“I would start to lean to saying that it is a blessing,” said Coun. Andrew Knack of not getting the World Cup. I would assume that if we got it that our City’s legal team would have drawn up a contract to minimize any potential cost overruns, but I’m guessing that Toronto would have thought the same thing.”

Would Edmonton’s financial picture have been as bleak as Toronto’s? We won’t ever know for sure, though we do know substantial renovation work would need to have been done on Commonwealth Stadium. Toronto’s BMO Field requires major work, as it needs 17,000 more seats to get to the 45,000-spectator-capacity minimum. So, there’s no way of comparing apples-to-apples what Edmonton would have needed and what Toronto requires.

During the bid process, Minneapolis, Chicago and Montreal all pulled out.

Coun. Sarah Hamilton thinks, had Edmonton been a successful bidder, the real challenge would have begun — selling the idea to the city’s residents as a whole.

“Anyone who bid knew that hosting World Cup Soccer was going to come with a lot of conditions and a lot of costs, so I don’t think it’s a huge surprise to see this news coming out of Toronto. Generally speaking, the tradeoff on those big infrastructure investments is the economic development activity that comes during a major event. I would have still loved to see Men’s World Cup Soccer played in my hometown, but we would have had to sell that vision to Edmontonains, and based on today’s circumstances, I think that would have been a tall order.

“Major events like this galvanize cities, and they also come with a sense of optimism. I think Edmontonians are still hungry for something to be excited for, a major event that defines the time we live in as well as the place we live in, and so I’d still like to see a big event come to this city that will give Edmontonians that experience, but perhaps something that aligns better with our values as a city.”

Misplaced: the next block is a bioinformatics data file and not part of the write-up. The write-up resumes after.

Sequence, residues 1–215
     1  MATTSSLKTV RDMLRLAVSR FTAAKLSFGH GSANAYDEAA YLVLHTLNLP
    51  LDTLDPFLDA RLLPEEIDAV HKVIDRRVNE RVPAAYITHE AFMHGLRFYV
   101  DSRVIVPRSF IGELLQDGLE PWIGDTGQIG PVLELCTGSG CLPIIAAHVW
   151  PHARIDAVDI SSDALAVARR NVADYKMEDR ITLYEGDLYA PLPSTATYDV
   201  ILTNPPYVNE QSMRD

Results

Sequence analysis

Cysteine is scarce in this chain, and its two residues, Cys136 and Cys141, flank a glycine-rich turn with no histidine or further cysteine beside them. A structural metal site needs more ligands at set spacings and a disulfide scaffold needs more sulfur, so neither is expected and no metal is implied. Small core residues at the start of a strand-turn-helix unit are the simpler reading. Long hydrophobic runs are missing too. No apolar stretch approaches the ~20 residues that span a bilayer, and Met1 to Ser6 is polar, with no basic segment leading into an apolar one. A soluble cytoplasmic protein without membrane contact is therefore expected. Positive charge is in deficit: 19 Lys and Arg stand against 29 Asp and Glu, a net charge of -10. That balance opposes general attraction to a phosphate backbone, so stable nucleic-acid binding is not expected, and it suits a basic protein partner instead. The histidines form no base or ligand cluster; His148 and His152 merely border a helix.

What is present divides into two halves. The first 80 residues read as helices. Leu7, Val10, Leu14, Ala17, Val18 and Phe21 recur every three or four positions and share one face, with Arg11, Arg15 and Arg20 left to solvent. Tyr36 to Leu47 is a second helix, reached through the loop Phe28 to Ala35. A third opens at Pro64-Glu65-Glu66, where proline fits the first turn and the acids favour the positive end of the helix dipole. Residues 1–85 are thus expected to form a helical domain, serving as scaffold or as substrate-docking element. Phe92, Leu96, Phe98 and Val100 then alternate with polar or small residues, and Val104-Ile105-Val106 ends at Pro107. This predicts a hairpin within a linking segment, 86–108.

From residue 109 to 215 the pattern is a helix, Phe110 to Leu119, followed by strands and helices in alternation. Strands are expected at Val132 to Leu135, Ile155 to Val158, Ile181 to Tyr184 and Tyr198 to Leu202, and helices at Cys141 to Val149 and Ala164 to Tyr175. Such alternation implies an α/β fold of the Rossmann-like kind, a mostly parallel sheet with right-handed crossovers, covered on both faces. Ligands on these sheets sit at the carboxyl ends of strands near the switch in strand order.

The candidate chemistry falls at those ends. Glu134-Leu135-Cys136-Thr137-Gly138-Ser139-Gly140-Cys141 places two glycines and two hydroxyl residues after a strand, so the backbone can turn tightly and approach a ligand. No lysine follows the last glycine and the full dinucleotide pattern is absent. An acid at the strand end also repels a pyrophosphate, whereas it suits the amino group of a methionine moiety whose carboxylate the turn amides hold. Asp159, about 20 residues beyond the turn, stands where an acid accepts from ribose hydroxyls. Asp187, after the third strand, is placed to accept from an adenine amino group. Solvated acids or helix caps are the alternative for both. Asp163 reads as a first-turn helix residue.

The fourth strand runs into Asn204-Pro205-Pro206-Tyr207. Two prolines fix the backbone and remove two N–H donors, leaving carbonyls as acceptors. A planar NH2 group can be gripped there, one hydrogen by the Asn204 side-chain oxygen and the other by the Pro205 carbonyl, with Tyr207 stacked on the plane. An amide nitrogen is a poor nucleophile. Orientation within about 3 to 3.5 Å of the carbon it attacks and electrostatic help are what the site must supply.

Coun. Anne Stevenson said that, as a councillor, the logic is simple. An event has to be more than an event. It has to have a longer lasting positive effect for the city.

“Hosting major events can bring many direct and indirect benefits to the city, but as we’re seeing in Toronto, can come with significant costs and trade-offs as well. For me it’s critical that any event hosting investments we make come with a lasting legacy for Edmontonians. If we’d proceeded further with our FIFA bid, this would have been a driving consideration.”

Coun. Keren Tang didn’t want to go as far as saying that missing out on the World Cup will end up being good for Edmonton. But she said it proves that cities have to look very hard at the pros and cons of hosting major events, and not just get caught up in the hoopla of wanting to be picked. The allure of being a chosen city is powerful.

“Typically event hosting at the scale of FIFA always comes with added costs. That’s why the bid required coordination between all three levels of government and the private sector. In the current fiscal climate, there is almost always cost escalation in any major project. Further, each city has its own unique context. Some of the provisions Toronto had to put up might not necessarily translate into the same provisions in Edmonton had we been selected, given existing infrastructures and services, legislative authorities, and resource allocation. Hindsight is always 20/20. I would be interested to know the return on investment for the City and whether that makes it worthwhile. Municipalities certainly need a high degree of risk mitigation to ensure each dollar invested can achieve maximal outcomes. However, if we always turn down bids because of the upfront cost, then we would also miss out on important economic boosting and community-building opportunities. These are the considerations the City team along with our partners prioritize and are keen-eyed about during any kind of negotiation, bid preparation, and business case development.”